Virus notes: Really, Williamstown a hot spot?
Are we surging or not? Trace-contact soft-launch
WILLIAMSTOWN, a bucolic town in western Massachusetts whose website barely mentions COVID-19, discovered on Wednesday that new state data suggests the municipality is a hotspot for the disease.
Chelsea, Brockton, Randolph, and Williamstown led all other municipalities in the state in terms of COVID-19 cases per 100,000 residents, according to new state data.
Chelsea was the leader with 712 residents testing positive, which works out to 1,890 cases per 100,000 residents. Brockton was second with 1,202 residents testing positive for a rate of 1,223 cases per 100,000 residents. Randolph was third, with 367 cases, or 1,072 per 100,000 residents.
Then there is Williamstown, which had 74 residents test positive. Because its population is less than 8,000, the municipality’s population-adjusted number was 1,004 cases per 100,000 residents – the fourth-highest in the state.
These nursing home outbreaks are occurring all across the state and they aren’t always publicized.
According to the state’s new municipal data, the average population-adjusted number for all municipalities was 487 cases per 100,000 residents. Boston, with the most COVID-19 cases in the state at 4,609, had 663 cases per 100,000 residents. Worcester, with the third-most confirmed cases (886), came in below the statewide average at 461.
According to the data, 22 tiny towns had no COVID-19 cases. State officials withheld data on another 59 towns because they had fewer than five cases and less than 50,000 residents. State officials are worried releasing their state could violate patient confidentiality in those small towns.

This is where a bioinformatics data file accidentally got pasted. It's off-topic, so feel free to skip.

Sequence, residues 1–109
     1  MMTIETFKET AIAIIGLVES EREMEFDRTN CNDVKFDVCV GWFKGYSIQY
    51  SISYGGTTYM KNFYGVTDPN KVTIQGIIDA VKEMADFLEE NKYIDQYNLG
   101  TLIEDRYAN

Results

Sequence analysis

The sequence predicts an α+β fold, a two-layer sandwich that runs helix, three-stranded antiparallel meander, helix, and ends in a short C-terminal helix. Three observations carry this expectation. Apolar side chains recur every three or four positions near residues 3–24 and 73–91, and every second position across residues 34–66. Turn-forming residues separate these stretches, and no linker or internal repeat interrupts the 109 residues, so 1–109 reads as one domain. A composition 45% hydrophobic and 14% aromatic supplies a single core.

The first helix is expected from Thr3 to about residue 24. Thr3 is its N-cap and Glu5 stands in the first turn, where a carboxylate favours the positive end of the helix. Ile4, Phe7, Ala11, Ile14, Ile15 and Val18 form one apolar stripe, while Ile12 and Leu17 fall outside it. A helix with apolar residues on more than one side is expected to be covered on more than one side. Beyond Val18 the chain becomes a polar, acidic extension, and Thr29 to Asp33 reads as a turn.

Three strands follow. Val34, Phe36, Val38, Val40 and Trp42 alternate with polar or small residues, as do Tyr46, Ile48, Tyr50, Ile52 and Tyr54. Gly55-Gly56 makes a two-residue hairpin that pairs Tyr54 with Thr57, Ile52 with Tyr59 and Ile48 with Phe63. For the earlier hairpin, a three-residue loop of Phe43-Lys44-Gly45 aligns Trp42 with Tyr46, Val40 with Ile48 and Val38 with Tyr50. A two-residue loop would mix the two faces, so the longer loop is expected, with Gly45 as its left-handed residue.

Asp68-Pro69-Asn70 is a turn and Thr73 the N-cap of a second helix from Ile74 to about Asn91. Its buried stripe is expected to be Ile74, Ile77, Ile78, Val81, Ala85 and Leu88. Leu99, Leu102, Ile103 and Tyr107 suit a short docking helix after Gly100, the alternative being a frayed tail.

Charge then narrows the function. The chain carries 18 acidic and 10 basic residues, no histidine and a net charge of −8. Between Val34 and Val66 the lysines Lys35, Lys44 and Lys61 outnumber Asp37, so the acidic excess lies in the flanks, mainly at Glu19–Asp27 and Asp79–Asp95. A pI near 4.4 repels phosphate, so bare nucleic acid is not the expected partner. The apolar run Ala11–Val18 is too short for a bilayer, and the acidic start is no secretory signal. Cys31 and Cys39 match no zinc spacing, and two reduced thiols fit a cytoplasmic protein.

With those caveats, the state data indicate 270 cities and towns have at least one case of COVID-19.
Baker says we’re in the surge
Gov. Charlie Baker says the state is in the midst of its COVID-19 surge, but the available data makes it hard to tell.
The number of new COVID-19 cases averaged 1,481 over the last three days, well below the level of 2,500 that Baker set last week as the metric for the surge. COVID-19 deaths increased by 151 to 1,108. Middlesex County saw the biggest increase in deaths with 33, followed by Suffolk (27), Norfolk (24), and Hampden counties (19).
He also seems optimistic that the state is well prepared for what’s coming. He’s been checking his list of beds, personal protection equipment, and tests and everything is going well. “We are pretty well positioned to deal with this,” he said.
The governor raised one concern with the business buzzword of just-in-time supply chains. He says that sounds good in normal times, but it’s not so good in the middle of a pandemic when people and nations are hoarding supplies.
“Having a big gigantic stash of gear is not a bad thing,” he said.
Soft launch for contact and trace effort
Marylou Sudders, the state secretary of health and human services, said Partners in Health is currently doing a “soft launch” of its initiative to trace and contact anyone who comes in contact with someone with COVID-19.Sudders said the nonprofit received 15,000 applications for its 1,000 positions. She said Partners in Health has hired about 250 people so far and has started working in eight communities north of Boston.
Sudders said everyone had been estimating there would be 10 people to contact for every one person infected. So far, she says, it’s worked out to six contacts for every person infected.